The Top 5 CX Articles of February 2019
February’s 28 days always seems to fly by. As we launch into the last month of the Winter and prepare for Spring’s new beginnings, we’ve curated a list of some of our favorite articles from February.
This eclectic list covers everything from AI in the operating room to the “unicorn blood” of Facebook. Enjoy!
1. Improving UX: The Case for Better Writer-Designer Collaboration
February 26, 2019 | Chris Cooper (@elcoopacabra) | FluidUI
Cooper explores the newly minted role of the ‘UX Copywriter’. The goal of the relationship between UX designer and copywriter is to match the expectations of the user with the actual outcomes of their actions. He expertly explains topics including:
- Manipulative copywriting versus persuasion
- Why context creates good user experiences
- The strength of checks and balances between copywriter and designer: writing leads, copy enhances
Worth a look for those involved in web design, website copy, marketing, design, UX and CX.
2. Why Is Customer Service So Bad? Because It’s Profitable.
February 28, 2019 | Anthony Dukes and Yi Zhu @HarvardBiz | Harvard Business Review
HBR poses that, “American consumers spend, on average, 13 hours per year in calling queue.” 13 hours!? Woof.
There’s no hiding that the general perception of customer service in general is, well, bad. It also comes as no surprise that the world’s largest companies – internet, airlines, cable, and telephone service providers are among the worst perpetrators of bad customer service.
As smaller companies deliver top-of-the-line customer service, customer expectations are rising. These niche and customer-centric businesses increase revenue through improved customer service and genuine customer care. In-turn, companies are competing on the basis of customer experience. An engaging read on a topic that we’ll be keeping a close eye on throughout 2019.
3. How You Can Improve Patient Experience with UX Design Principles? & How do we learn to work with intelligent machines?
February 27, 2019 | Sharan Grandigae(@CIOL) | CIOL
I couldn’t help but post two different articles for this topic.
Article 1 discusses the importance of technology and design in hospitals and doctor’s offices. Digital records empower patients to access their own medical records, and apps and kiosk streamline the check-in process, reducing long wait times. Grandigae covers how UX Design Principles can make managing our health easier and more effective.
Article 2, (which is really a TED Talk), features Matt Beane, Research Affiliate with MIT’s Institute for the Digital Economy, discussing the impact of AI on learning at work.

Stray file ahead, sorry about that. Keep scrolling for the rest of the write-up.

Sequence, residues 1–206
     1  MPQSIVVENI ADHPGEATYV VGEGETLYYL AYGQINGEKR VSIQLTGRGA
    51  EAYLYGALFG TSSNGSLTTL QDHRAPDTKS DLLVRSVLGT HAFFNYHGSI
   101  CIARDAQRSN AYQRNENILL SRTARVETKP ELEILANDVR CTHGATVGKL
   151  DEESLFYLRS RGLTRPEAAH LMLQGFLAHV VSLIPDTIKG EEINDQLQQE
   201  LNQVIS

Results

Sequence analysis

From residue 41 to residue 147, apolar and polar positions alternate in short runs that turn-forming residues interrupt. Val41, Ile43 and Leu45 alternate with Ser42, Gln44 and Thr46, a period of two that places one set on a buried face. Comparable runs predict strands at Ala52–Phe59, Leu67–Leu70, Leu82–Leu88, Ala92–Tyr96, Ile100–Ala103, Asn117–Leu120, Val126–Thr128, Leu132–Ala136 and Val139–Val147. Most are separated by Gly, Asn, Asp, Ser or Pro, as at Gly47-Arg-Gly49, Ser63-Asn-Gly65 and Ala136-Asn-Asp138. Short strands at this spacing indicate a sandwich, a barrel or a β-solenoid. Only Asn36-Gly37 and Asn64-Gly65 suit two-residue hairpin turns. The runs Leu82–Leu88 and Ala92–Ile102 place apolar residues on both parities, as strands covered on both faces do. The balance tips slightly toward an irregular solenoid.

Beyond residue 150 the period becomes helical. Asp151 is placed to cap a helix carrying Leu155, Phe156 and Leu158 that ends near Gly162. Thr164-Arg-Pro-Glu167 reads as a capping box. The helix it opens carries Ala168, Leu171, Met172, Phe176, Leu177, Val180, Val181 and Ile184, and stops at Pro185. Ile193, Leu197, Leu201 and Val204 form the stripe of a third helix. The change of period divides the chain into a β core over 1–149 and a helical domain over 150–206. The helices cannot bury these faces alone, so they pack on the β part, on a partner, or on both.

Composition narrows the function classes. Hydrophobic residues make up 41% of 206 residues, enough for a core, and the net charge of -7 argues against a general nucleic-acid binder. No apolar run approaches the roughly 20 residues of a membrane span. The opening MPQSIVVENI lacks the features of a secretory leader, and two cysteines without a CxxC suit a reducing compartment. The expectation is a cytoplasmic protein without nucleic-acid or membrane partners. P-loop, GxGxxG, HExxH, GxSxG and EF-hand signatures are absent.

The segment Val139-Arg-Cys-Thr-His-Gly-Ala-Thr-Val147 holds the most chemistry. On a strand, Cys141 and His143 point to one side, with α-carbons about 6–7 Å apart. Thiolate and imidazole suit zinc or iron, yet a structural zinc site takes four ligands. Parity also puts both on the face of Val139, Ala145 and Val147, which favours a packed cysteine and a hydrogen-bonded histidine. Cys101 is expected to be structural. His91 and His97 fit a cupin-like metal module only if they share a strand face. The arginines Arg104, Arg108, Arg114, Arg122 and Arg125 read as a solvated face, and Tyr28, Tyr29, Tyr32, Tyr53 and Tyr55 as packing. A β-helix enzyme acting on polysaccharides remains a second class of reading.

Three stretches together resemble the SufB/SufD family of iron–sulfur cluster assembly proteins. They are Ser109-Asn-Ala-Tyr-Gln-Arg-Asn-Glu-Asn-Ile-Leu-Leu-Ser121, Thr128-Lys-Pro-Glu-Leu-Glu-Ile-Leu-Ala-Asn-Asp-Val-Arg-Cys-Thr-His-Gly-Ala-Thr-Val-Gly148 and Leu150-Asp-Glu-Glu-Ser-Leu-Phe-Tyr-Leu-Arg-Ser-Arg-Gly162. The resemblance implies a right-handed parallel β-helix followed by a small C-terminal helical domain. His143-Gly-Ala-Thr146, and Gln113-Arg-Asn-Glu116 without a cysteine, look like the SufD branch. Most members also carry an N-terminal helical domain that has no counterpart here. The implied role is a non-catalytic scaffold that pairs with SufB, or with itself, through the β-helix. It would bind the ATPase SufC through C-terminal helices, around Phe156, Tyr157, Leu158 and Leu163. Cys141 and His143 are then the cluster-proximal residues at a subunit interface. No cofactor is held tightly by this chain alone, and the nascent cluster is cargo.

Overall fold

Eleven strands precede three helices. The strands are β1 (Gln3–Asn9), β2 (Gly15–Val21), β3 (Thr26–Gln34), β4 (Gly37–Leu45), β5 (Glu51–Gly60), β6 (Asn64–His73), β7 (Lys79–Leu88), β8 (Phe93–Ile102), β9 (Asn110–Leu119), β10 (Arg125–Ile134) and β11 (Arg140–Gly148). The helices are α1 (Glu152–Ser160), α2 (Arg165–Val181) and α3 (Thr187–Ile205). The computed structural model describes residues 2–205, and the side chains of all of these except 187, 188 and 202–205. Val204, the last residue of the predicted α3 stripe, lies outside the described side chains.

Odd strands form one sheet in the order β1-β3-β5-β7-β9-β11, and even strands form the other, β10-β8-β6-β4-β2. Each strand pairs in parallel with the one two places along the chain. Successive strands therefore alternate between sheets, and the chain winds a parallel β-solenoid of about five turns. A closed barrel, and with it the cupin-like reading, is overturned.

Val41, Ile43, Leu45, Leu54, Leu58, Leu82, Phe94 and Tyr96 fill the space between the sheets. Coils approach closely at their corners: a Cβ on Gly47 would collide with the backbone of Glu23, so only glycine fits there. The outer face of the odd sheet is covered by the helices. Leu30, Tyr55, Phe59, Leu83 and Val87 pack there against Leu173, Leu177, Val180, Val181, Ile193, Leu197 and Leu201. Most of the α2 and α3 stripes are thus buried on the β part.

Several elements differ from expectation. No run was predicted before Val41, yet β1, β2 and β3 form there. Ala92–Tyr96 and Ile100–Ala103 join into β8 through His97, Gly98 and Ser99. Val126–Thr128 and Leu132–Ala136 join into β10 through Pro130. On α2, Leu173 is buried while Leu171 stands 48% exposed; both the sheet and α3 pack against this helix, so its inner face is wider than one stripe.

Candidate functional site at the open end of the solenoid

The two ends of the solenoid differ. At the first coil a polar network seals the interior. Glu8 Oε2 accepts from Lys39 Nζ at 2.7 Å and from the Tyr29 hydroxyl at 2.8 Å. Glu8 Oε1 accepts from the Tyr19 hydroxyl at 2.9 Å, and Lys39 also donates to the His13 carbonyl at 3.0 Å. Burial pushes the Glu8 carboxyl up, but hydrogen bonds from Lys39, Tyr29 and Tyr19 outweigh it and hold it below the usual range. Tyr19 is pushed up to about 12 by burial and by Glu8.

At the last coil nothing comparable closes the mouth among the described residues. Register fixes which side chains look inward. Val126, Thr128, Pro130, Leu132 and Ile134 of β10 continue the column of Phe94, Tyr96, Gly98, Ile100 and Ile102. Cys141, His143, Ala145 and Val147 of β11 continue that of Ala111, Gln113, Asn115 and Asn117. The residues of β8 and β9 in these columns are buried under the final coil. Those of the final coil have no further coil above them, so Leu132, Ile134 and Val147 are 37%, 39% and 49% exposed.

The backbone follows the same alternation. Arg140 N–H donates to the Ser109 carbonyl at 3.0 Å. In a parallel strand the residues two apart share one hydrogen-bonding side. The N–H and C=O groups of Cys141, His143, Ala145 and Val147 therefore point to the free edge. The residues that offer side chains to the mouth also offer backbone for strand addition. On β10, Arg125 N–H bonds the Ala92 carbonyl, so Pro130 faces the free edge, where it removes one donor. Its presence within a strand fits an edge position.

McKinsey estimates that a half billion to one billion of us will have to adapt to AI in our daily work by 2030. AI has swiftly made its way into the medical sphere, replacing direct learning environments (medical student observing and helping senior surgeons during surgery) with less integrative AI learning tools (student watches robot perform surgery, takes notes).
Learning on the job is getting harder. We all know that the best way to improve our skills is to learn by doing. Medical students are taking risks to reintroduce struggle and challenge into their learning environments. Beane talks about how to tackle this challenge so that doctors, as well as soldiers, writers, and all types of experts can work together with AI.
4. A comprehensive (and honest) list of UX clichés
February 25, 2019 | Fabricio Teixeira (@fabriociot) | FastCompany
‘Honest’ is the keyword for this article. Clichés are clichés for a reason. Although annoying, we still hear them used regularly as axioms of their field. However, they’re also almost always cop-outs to addressing the real issues at stake. We love the list Teixeria compiled. His funny quips on the true meaning of common clichés are all too relatable. Lots to learn – and reflect on – here, for anyone involved in CX and UX design.
5. Facebook: Where Friendships Go to Never Quite Die
February 4, 2019 | Julia Beck (@julieebeck) | The Atlantic
Many of our peers have been critical of Facebook since its inception. As the social-media giant faces allegations of privacy-fraud, more and more of us are re-examining our relationship with the platform.
The Atlantic delivers an investigation of “the vestigial friendship”, those “weak ties” and “acquaintances” you’re friends with on Facebook but not in real-life; the “unicorn-blood” of the platform.
We’ve been arguing about the validity and usefulness of seeing pictures of babies we’ll never meet and learning about the budding music career of that person you sat next to in High School algebra, but the Atlantic brings the argument to light with new data and insights from various folks who have interesting takes on the issue. An idiosyncratic look at the colossal social media giant.
Let us know if we missed an article you loved this February via Twitter or the comments below. Happy March!